These highlights were saved with the Kindle version of Discrimination and Disparities by Thomas Sowell.
On IQ & Disparities
Professor Lewis M. Terman of Stanford University launched a research project that followed 1,470 people with IQs of 140 and above for more than half a century. Data on the careers of men in this group—from a time when full-time careers for women were less common—showed serious disparities even within this rare group, all of whom had IQs within the top one percent. Some of these men had highly successful careers, others had more modest achievements, and about 20 percent were clearly disappointments. Of 150 men in this less successful category, only 8 received a graduate degree, and dozens of them received only a high school diploma. A similar number of the most successful men in Terman’s group received 98 graduate degrees—more than a tenfold disparity among men who were all in the top one percent in IQ.
Meanwhile, two men who were tested in childhood, and who failed to make the 140 IQ cutoff level, later earned Nobel Prizes—as none of the men with IQs of 140 and above did. Clearly, then, all the men in Terman’s group had at least one prerequisite for that extraordinary achievement—namely, a high enough IQ. And, equally clearly, there must have been other prerequisites that hundreds of these men with IQs in the top one percent did not have.
Perhaps the most revolutionary change in the evolution of human societies was the development of agriculture—within the last 10 percent of the existence of the human species.
The flawed perception of probabilities—and the failure of the real world to match expectations derived from that flawed perception—can drive ideological movements, political crusades and judicial decisions, up to and including decisions by the Supreme Court of the United States, where “disparate impact” statistics, showing different outcomes for different groups, have been enough to create a presumption of discrimination.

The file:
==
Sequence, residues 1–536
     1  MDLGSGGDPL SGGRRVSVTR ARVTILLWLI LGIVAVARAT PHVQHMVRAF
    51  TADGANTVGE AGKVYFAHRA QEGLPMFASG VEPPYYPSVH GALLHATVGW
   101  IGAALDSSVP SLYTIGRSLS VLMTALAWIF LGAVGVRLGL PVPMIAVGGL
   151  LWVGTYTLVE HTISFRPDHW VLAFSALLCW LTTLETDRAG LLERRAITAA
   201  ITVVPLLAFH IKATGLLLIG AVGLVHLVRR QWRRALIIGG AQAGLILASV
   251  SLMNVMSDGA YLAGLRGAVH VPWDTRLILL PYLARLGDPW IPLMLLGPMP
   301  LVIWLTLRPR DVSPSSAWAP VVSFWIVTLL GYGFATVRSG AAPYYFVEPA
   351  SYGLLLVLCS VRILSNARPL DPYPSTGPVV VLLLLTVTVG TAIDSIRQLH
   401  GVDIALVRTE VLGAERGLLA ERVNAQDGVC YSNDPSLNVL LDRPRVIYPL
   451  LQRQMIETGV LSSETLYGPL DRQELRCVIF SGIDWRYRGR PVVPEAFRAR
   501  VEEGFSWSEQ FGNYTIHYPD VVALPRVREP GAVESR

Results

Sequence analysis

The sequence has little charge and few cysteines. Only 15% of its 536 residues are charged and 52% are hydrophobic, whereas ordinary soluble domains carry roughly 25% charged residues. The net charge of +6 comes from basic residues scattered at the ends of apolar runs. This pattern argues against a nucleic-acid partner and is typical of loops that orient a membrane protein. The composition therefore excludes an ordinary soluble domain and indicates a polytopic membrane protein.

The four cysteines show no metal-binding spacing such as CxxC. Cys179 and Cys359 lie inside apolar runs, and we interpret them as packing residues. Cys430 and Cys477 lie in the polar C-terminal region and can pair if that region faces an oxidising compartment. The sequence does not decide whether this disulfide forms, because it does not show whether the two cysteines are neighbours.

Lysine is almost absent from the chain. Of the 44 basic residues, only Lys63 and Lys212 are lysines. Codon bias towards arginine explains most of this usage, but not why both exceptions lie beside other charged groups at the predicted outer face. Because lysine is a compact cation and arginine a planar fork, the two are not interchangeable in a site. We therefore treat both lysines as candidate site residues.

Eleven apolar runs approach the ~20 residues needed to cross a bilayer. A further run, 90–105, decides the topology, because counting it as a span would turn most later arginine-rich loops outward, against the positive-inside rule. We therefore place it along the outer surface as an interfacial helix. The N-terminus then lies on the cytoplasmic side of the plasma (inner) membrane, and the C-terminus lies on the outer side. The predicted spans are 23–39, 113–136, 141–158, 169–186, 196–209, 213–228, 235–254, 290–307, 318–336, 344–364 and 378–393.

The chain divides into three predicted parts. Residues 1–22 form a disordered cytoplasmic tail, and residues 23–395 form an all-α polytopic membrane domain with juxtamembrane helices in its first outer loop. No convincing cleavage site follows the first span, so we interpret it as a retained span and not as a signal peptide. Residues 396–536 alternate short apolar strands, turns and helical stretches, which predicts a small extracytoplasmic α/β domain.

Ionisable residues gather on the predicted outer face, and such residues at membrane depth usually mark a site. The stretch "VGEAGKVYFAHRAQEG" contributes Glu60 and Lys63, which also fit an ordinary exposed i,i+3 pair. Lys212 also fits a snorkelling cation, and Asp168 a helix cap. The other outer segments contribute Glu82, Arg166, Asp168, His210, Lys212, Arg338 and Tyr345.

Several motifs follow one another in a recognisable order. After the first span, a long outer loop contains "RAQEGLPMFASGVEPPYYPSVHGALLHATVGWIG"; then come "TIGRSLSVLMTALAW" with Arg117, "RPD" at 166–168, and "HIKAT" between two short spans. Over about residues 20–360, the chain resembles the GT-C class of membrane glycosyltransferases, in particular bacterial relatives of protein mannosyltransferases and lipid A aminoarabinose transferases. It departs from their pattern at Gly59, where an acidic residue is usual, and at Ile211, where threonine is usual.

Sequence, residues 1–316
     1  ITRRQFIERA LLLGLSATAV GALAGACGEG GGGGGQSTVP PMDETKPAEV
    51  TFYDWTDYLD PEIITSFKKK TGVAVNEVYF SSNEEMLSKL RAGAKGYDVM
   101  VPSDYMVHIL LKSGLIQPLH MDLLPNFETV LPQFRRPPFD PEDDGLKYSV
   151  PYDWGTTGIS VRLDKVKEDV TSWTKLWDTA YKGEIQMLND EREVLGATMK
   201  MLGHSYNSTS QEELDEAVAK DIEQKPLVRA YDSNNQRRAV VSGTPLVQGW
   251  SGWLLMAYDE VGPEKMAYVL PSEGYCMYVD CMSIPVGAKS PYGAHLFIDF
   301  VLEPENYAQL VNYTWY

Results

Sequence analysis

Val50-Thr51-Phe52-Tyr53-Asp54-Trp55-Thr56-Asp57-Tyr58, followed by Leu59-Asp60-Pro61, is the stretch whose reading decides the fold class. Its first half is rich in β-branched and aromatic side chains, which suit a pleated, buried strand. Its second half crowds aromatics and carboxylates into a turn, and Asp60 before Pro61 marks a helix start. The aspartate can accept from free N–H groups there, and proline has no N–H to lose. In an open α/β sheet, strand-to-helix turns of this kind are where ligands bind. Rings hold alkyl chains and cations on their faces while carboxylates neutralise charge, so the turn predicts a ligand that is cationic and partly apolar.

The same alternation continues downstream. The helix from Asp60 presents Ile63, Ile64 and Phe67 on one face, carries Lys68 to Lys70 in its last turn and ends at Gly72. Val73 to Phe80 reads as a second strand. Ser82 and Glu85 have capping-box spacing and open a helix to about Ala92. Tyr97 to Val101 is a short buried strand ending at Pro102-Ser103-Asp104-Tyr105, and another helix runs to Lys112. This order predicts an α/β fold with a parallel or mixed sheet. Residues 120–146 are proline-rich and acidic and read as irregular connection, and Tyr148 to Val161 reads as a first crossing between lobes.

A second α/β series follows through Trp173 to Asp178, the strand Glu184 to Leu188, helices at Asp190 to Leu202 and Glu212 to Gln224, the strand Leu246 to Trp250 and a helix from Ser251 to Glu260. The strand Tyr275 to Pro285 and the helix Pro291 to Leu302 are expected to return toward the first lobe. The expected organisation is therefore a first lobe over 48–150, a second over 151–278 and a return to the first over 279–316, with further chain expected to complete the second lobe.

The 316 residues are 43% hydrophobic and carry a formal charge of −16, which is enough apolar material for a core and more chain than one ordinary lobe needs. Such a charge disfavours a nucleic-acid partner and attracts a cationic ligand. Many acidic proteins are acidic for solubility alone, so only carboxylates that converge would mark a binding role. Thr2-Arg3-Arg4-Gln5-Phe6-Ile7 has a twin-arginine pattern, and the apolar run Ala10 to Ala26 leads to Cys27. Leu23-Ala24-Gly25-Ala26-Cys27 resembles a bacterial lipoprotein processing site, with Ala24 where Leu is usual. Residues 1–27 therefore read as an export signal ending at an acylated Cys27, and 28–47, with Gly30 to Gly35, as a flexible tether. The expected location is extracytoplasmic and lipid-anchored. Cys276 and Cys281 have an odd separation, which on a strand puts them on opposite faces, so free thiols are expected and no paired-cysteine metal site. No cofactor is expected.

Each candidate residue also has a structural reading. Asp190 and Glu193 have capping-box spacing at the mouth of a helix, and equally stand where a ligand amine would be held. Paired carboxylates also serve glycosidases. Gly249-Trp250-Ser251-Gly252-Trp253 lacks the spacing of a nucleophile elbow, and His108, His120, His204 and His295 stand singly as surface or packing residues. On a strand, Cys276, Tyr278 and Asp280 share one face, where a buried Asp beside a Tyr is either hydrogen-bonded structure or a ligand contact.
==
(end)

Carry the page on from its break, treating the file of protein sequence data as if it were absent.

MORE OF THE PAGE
Birth Order Discrepancies
A study of more than 20,000 young people in late twentieth-century France showed that 18 percent of those males who were an only child completed four years of college, compared to 16 percent of male first-born children—and just 7 percent of males who were fifth-born or later born. Among females the disparity was slightly larger. Twenty-three percent who were an only child completed four years of college, compared to 19 percent who were first-born, and just 5 percent of those who were fifth-born or later.
A study of about 4,000 Americans concluded that “The decline in average earnings is even more pronounced” than the decline in education between those born earlier and those born later. Other studies have shown the first-born to be over-represented among lawyers in the greater Boston area23 and among Members of Congress. Of the 29 original astronauts in the Apollo program that put a man on the moon, 22 were either first-born or an only child. The first-born and the only child were also over-represented among leading composers of classical music.
Consider how many things are the same for children born to the same parents and raised under the same roof—race, the family gene pool, economic level, cultural values, educational opportunities, parents’ educational and intellectual levels, as well as the family’s relatives, neighbors and friends—and yet the difference in birth order alone has made a demonstrable difference in outcomes.
The only obvious advantage that applies only to the first-born, or to an only child, is the undivided attention of the parents during early childhood development.
The fact that twins tend to average several points lower IQs than people born singly reinforces this inference.
Jews were not admitted to most universities in Europe prior to the nineteenth century. Late in the eighteenth century, the United States became a pioneer in granting Jews the same legal rights as everyone else, as a result of the Constitution’s general ban against federal laws that discriminate on the basis of religion. France followed suit after the revolution of 1789, and other nations began easing or eliminating various bans on Jews in various times and places during the nineteenth century.
In the second half of the twentieth century, with Jews being less than one percent of the world’s population, they received 22 percent of the Nobel Prizes in chemistry, 32 percent in medicine and 32 percent in physics.
China & Isolationism
China was for centuries the most technologically advanced nation in the world, especially during what were called the Middle Ages in Europe. The Chinese had cast iron a thousand years before the Europeans. A Chinese admiral led a voyage of discovery that was longer than Columbus’ voyage, generations before Columbus’ voyage, and in ships far larger and technologically more advanced than Columbus’ ships.
Convinced by the exploratory voyages of its ships that there was nothing to be learned from other peoples in other places, the government of China decided in 1433 to not only discontinue such voyages, but to forbid such voyages, or the building of ships capable of making such voyages, and to greatly reduce the influence of the outside world on Chinese society.